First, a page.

2/10/12
A: You don't need a license, and the only restrictions are on access and travel on the land. Antler hunters, like other outdoor recreationists, must secure permission to cross or look for antlers on private land, and they must abide by transportation restrictions on federal and state public lands. ...
2/10/12
A: The 2010 Idaho State Legislature amended Idaho Code 36-411 to allow IDFG to accept hunter and bowhunter education course certifications from foreign countries provided their course is equivalent to or exceeds our Idaho course.   A course certificate or card must be presented when purchasing a ...
2/10/12
A: Fish and Game conservation officers have discretion in matters such as this.  The officer investigating this case contacted the vendor store where the hunter purchased the tag.  The vendor told the officer a sales clerk was confused about when the wolf tags expired and had indeed told some some ...
2/11/12
A: A decision has not yet been made regarding the future of Priest Lake and the lake trout fishery.  IDFG is currently in the “scoping” phase of developing a new statewide fisheries management plan for 2013-2018.  The plan will set direction for Priest and Upper Priest lakes, as well as other ...
2/11/12
A: Rubber Boas are classified as Protect NonGame under IDAPA 13.  With a hunting license one can collect and possess up to four rubber boas but they may not be returned to the wild.  If you do not wish to purchase a hunting license you can apply for a collecting permit.
2/11/12
A: The Game Regulations are made available online shortly after they are approved by the Fish and Game Commission.  Big Game Seasons are set by the Commission every March (View the Commision Schedule).  For 2012, the meeting is scheduled for March 21-23rd. Printed Regulations will be available a ...
2/12/12
A: This is difficult to answer, as size is relative--huge to one person is typical to another.  That said, typical male wolves average around 100-110 pounds, whereas females average 80-90 pounds.  The truly exceptionally large male wolf can approach 120-130 (sometimes heavier, depending on how much ...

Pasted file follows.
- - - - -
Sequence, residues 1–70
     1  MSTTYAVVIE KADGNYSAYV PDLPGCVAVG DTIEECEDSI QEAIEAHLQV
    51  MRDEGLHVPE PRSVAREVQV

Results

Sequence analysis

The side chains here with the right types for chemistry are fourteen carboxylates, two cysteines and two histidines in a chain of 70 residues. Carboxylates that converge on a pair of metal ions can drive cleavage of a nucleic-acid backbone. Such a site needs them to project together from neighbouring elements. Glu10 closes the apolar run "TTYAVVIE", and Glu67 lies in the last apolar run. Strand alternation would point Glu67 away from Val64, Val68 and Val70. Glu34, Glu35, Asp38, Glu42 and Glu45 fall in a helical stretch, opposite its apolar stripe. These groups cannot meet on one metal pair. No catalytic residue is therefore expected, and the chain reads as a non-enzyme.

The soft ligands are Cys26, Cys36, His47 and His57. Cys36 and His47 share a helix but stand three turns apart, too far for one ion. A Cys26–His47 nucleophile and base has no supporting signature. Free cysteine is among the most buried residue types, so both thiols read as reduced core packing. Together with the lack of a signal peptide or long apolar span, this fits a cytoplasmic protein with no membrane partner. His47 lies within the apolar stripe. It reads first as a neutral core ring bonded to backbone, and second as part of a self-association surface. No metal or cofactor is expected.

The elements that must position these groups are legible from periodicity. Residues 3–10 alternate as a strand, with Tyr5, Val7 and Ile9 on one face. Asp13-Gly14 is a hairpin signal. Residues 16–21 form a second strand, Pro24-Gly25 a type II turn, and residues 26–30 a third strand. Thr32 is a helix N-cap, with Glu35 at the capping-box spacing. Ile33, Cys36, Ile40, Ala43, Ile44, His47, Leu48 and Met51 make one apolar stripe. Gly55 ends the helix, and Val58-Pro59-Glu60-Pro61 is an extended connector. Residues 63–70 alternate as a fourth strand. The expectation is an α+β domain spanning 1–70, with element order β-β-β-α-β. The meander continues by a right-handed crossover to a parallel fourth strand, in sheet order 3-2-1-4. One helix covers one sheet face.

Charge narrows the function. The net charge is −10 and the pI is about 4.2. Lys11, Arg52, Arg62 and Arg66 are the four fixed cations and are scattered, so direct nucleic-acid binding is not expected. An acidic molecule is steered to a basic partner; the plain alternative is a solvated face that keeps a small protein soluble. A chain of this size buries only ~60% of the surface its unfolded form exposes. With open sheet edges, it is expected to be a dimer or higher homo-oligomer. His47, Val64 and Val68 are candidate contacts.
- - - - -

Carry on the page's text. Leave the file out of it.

2/14/12
A: The only information we have is what was reported on the news; since that story aired several weeks ago no further reports have come in. Given the time of year with breeding and dispersal taking place anything is possible. The only known wolf activity even close to this area is a lone, black, ...
2/14/12
A: The minimum age is 10 years old.  It is best to take hunter education first, then take the archery class. 
2/14/12
A: Lighted knocks are not currently legal in Idaho.  There was a proposal made in 2011, but it was not approved by the Commission.  At this time there is no lighted knock proposal for consideration as a non-biological rule for 2012.
2/14/12
A: Both static PDF maps suitable for printing and interactive online maps of hunt area boundaries are available on the Hunt Area Map Index.  Sportsmen can also use the MapCenter to view Game Management Units, Elk Zones and current Controlled Hunts.  For offline viewing in Google Earth and GIS ...
2/15/12
A: Yes.
2/16/12
A: Generally the answer is no, however there are exceptions. These exceptions are explained in the 2011 Big Game Regulations: A person who has applied for a bighorn sheep, mountain goat or moose controlled hunt may not apply for any other controlled hunt in the same year, except unlimited controlled ...